An Exploration of Education for Self-Governance.
A free and flourishing society requires citizens who embody certain attitudes and habits conducive to freedom, initiative, and responsibility. As Aristotle argued, however, such virtues cannot be acquired by passively listening to lectures. They must be acquired through practice. What is the philosophical foundation for fostering environments that enable, not just an acquaintance with ideas, but the development of character towards self-regulation and self-governance?
As part of my Master’s studies I designed a course to explore educational paradigms that encourage students to become citizens that are active in a community, cooperating, exchanging, and sympathizing with others, and using their own judgement. The themes included: education and its democratic purpose, philosophies of education, self-regulated learning, & education for self-governance. The readings included:
- John Dewey. Democracy and Education: an Introduction to the Philosophy of Education. Alpha Editions, 2018
- Paulo Freire. Pedagogy of the Oppressed. Herder and Herder, 1970.
- David Bruce Tyack. The One Best System: a History of American Urban Education. 1975.
- Paulo Freire. Pedagogy of Freedom. Ethics, Democracy, and Civic Courage. Rowman & Littlefield, 1998.
- Amy Gutman. Democratic Education. Princeton University Press, 1999.
- Gert J.J. Biesta. Learning Democracy in School and Society: Education, Lifelong Learning, and the Politics of Citizenship. Sense Publishing, 2011.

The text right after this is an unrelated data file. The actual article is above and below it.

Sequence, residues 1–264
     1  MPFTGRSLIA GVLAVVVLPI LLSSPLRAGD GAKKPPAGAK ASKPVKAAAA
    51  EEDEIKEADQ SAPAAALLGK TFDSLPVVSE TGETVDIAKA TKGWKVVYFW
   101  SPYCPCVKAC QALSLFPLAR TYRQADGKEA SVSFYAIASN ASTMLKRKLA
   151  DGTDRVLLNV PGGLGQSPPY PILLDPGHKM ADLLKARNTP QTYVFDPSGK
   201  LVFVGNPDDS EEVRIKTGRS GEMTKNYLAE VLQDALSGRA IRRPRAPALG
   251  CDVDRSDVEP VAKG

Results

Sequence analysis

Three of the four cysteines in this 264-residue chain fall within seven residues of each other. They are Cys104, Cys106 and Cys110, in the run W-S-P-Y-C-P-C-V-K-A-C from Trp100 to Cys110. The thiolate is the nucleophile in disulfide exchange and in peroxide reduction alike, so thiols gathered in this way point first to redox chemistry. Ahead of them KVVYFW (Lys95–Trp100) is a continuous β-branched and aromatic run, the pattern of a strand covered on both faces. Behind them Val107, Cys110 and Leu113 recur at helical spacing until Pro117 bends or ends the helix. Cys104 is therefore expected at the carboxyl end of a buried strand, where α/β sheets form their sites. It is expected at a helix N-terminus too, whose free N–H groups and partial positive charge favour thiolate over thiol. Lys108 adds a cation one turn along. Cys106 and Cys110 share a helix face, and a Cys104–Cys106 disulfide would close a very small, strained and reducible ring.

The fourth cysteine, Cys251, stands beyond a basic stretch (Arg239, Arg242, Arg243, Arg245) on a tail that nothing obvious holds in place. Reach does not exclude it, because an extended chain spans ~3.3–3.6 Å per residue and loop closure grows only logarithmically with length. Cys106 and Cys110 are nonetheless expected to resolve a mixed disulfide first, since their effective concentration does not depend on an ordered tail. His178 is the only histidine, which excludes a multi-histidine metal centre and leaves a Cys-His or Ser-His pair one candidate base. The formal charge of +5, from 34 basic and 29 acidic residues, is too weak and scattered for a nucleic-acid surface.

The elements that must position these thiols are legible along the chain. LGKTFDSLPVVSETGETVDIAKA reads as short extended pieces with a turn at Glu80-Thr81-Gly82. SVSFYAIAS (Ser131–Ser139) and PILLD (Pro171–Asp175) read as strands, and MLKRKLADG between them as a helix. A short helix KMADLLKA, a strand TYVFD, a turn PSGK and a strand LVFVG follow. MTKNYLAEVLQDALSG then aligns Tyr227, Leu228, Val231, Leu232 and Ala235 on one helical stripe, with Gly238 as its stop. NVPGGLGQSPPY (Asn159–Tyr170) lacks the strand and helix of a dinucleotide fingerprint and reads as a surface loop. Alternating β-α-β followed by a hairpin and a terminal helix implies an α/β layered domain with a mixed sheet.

- Stephen Vassallo. Self-Regulated Learning: an Application of Critical Educational Psychology. Peter Lang, 2013.
- Emily Chamlee-Wright. Liberal Learning and the Art of Self-Governance. Routledge, 2015.
- Gert J.J. Biesta. Beyond Learning: Democratic Education for a Human Future. Routledge, 2016.
“How can we speak of Democracy or Freedom when from the very beginning of life we mould the child to undergo tyranny, to obey a dictator? How can we expect democracy when we have reared slaves? Real freedom begins at the beginning of life, not at the adult stage. These people who have been diminished in their powers, made short-sighted, devitalized by mental fatigue, whose bodies have become distorted, whose wills have been broken by elders who say: ‘your will must disappear and mine prevail!’—how can we expect them, when school-life is finished, to accept and use the rights of freedom?”–Maria Montessori, Education for a New World
“One cannot doubt that in the United States the instruction of the people serves powerfully to maintain a democratic republic. It will be so, I think, everywhere that the instruction that enlightens the mind is not separated from the education that regulates mores. Still, I do not exaggerate this advantage and I am still further from believing, as do a great number of people in Europe, that it suffices to teach men to read and to write to make them citizens immediately. Genuine enlightenment arises principally from experience, and if one had not habituated the Americans little by little to govern themselves, the literary knowledge that they possess would not greatly help them today to succeed in it.”–Alexis de Tocqueville, Democracy in America
“Education means emancipation. It means light and liberty. It means the uplifting of the soul of man into the glorious light of truth, the light by which men can only be made free.”–Frederick Douglass, Blessings of Liberty and Education. Speech. 1894.